Upon reading the title, three things can be learnt about this game.
1) It has robots.
2) It involves disco.
3) It's about dodgeball.
And if there's anything this game is guilty of, living up to expectations is not one of them. Robot Roller-Derby Disco Dodgeball is a competitve primarily multiplayer first person shooter filling the fairly empty and unexplored niche of a dodgeball game, one I'm frankly suprised nobody thought of before.
Gameplay is easy to learn; find a dodgeball, hold the mouse to shoot ("Oh, but what about controllers?" you may ask. Take a moment and reread my description of the game. This is not a game you should use a controller for.). Left click to drift, left shift to boost, collect powerups to get powers. Satisfying callouts from the game announcer sound when you hit a certain killstreak value or perform a certain type of kill, such as a 'dunk' or 'helicopter'. Simple enough, right? However, it holds true to the adage, as even with a considerable amount of time in Disco Dodgeball I'm far from mastering it. For instance, I largely ignored the drifting mechanic until recently, and found that it is extremely effective for sharp turns and desperate speed boosts.
One of the reasons I left out 'team based' in my intial summary of Disco Dodgeball is due to the massive amount of game mode customization extant. Even putting 'primarily multiplayer' was risky, as the game has a horde and arcade mode, which have you pitted against endless waves of bots or battling through a more structured, level-based gauntlet, complete with purchasable augments. However, multiplayer is the star, and the gameplay settings make it shine. Several different game modes, including Hoops, which is similar to basketball, or Elimination, which channels Counter-Strike's 'one death and you're out' mantra are side by side with the standard deathmatch. Free For All modes are availible for most modes, and you even have the ability to choose starting powerups. Along with these are the standard goofy options like 'Big Head' mode, which speaks for itself, and low gravity.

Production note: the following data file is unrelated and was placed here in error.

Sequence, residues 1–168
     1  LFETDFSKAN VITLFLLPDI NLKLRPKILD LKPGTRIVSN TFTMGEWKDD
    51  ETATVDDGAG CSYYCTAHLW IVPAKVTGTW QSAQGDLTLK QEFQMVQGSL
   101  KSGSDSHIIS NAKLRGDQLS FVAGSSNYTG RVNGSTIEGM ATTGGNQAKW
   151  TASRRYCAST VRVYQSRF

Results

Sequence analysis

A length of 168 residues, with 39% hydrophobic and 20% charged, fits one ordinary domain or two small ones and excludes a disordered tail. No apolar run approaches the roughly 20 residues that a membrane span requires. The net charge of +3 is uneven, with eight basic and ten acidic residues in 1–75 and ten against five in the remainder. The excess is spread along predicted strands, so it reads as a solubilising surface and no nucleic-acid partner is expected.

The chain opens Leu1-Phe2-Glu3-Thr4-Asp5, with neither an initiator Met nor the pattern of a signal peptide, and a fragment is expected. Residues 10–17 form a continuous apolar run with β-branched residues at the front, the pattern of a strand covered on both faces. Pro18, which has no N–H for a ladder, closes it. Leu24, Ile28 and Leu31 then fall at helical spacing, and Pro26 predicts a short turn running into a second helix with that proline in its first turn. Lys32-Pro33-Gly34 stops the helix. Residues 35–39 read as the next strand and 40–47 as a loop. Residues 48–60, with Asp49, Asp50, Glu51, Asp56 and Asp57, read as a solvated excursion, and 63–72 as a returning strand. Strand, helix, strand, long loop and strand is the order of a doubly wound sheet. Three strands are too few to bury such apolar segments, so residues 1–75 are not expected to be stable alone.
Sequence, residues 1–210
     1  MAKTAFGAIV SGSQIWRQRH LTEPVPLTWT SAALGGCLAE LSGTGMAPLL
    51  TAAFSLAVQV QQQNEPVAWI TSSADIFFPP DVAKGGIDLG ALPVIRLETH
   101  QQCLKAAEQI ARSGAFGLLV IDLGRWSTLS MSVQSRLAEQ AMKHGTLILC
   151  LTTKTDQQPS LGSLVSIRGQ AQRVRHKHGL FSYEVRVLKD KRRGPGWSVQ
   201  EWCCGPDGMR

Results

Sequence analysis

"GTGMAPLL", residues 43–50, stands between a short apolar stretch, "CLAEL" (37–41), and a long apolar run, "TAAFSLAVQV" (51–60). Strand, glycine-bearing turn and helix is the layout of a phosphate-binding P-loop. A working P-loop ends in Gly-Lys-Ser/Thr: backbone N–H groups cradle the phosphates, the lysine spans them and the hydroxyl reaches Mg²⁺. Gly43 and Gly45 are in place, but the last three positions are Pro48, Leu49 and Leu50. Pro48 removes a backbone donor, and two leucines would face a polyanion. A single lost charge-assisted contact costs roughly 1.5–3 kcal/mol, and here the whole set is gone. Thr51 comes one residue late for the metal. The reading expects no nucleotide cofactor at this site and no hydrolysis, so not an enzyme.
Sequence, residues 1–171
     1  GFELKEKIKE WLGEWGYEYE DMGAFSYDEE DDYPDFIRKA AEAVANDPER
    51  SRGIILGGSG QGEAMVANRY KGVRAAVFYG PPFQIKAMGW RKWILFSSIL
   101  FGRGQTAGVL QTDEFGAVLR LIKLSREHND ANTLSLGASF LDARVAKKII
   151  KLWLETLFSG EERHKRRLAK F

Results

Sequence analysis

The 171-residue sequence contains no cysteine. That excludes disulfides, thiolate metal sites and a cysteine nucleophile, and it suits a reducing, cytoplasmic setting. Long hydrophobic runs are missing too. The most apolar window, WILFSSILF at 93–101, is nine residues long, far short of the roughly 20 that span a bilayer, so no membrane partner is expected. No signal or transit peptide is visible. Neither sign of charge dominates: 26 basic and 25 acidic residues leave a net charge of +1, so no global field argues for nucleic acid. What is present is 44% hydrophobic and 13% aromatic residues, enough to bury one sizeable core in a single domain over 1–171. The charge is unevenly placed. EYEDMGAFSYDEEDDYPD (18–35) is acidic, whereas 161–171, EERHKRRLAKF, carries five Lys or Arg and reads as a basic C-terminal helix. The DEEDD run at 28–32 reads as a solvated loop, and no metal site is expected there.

Disco-Dodgeball suprised me with how deep it's settings are at launch. If anyone reading this played the very early versions of the game, then you'll remember the unchangable 60 FOV, as well as only having the standard 'Good-Fantastic' Unity drop down bar within the launcher. Now you can change pretty much everything, including AA, Vsync, FOV, and Alien FX, which from what I've heard makes your AlienWare PC light up in sync with the game''s pulsating lights. Speaking of which...
AESTHETICS AND MUSIC
This is where I feel like the game defines itself in the gaming world, besides the unique concept. Launching the game, you're immediately hit with the game's energetic and pumed electronic music, as well as a display of it's neon glowing visuals. The enviroment interacts with the music, dimming when the volume or tempo drops and bursting with light when a piece hits it's apex. However, I imagine that the game could be problematic for those with certain medical issues due to the quick flashing lights.
The only real problem I have with the game is the occasional physics quirk. Sometimes you'll get shot up into the air after a collision with another player of object, which, coupled with the slow fall speed, makes you a sitting duck.
Not once have I heard an angry remark in the chat, even though I have been seething with frustration after getting Ninja'd by somebody for the 5th time. Disco Dodgeball has one of the nicest, healthiest communities I've ever encountered in a game, in part due to it's small player base, but also due to the built in kudos system, a way to quickly condone somebody if they've made a great hit on you.
Robot Roller-Derby Disco Dodgeball is what it says on the tin: fast paced, energetic, and fun. You would be hard pressed to find a community that's nicer, and the innumerable game modes and customizations will have you playing until 1:30 AM on a school night, which has just happened to me.